“I’m appalled at the lack of transparency‚” she said. “We heard a lot of chatter on social groups about baboons being killed but this was the first time it has been confirmed.
“Cape Nature Conservation‚ which issued the permits‚ is on the team – as well as the city of Cape Town‚ conservation authorities and researchers. They must have known about it‚” said Trethowan.
According to Engelbrecht‚ “All members of the team were present [when they discussed permits]. I can’t tell you why the information didn’t filter down.”
Buitenverwachting owner Lars Maack told the Bulletin he had applied for a hunting licence as a last resort when electric fences and paintball guns failed to keep the baboons away from their crops and dogs‚ and staff felt threatened.
Klein Constantia vineyard manager Craig Harris told the paper that they had tried monitors with paintball guns and a “virtual fence” experiment‚ which had failed to keep the baboons away.
Hout Bay resident Patrick Semple said: “I don’t understand how wealthy farmers next to a national park can justify killing animals from the national park because they are coming over to eat grapes. Surely they can make another plan?”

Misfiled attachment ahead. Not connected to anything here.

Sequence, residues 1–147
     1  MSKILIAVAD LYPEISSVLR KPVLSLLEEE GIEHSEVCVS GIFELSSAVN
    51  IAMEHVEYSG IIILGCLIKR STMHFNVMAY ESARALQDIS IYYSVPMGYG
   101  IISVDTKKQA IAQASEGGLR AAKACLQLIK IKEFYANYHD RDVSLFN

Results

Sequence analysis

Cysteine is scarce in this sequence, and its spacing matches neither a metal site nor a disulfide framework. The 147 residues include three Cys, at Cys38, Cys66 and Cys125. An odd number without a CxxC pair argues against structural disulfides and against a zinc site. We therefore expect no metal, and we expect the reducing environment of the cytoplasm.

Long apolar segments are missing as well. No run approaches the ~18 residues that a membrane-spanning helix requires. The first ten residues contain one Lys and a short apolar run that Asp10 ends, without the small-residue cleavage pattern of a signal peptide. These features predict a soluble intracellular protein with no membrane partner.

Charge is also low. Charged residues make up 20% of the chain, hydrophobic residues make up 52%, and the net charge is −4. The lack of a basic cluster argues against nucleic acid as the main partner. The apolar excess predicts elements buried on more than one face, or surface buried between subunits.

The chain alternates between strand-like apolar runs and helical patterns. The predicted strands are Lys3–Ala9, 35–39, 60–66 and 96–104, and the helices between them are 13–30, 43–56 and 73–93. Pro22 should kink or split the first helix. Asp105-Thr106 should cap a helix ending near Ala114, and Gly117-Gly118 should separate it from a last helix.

Birth control for Tokai baboons could be a non-lethal way to manage the growing numbers in Tokai troops‚ suggested scientist Esme Beamish from UCT’s Institute for Communities and Wildlife in Africa.
Beamish‚ who studies population dynamics on the peninsula‚ said the Tokai troops had shown the strongest growth of all managed troops‚ with their numbers increasing from 115 in one troop in 2006 to over 250 in four troops in 2017.
“The growth in the Tokai troops is a concern to baboon management. For this reason they would be the first candidates for a reproductive control programme‚” said Beamish.
“The fire and removal of pines from the area was good for baboon welfare and conservation in that it reduced some of the artificial sleeping sites and human-derived food resources [pine nuts].”
Beamish said removing specific raiding baboons‚ as practised by the City of Cape Town‚ could be more beneficial than culling baboons in general.
The broader issue of human-wildlife conflict had been triggered by baboons being “isolated to diminishing areas of natural vegetation as a result of urban-agricultural development‚” she said.
“The City of Cape Town’s baboon management programme has successfully reduced baboon-human conflict in residential areas by keeping baboons out of ‘town’ and in the natural vegetation 98% of the time.
“This is measured by reduced injury or death to baboons as a result of attacks by humans‚” said Beamish‚ adding that the programme did not extend to agricultural land‚ which fell under Cape Nature.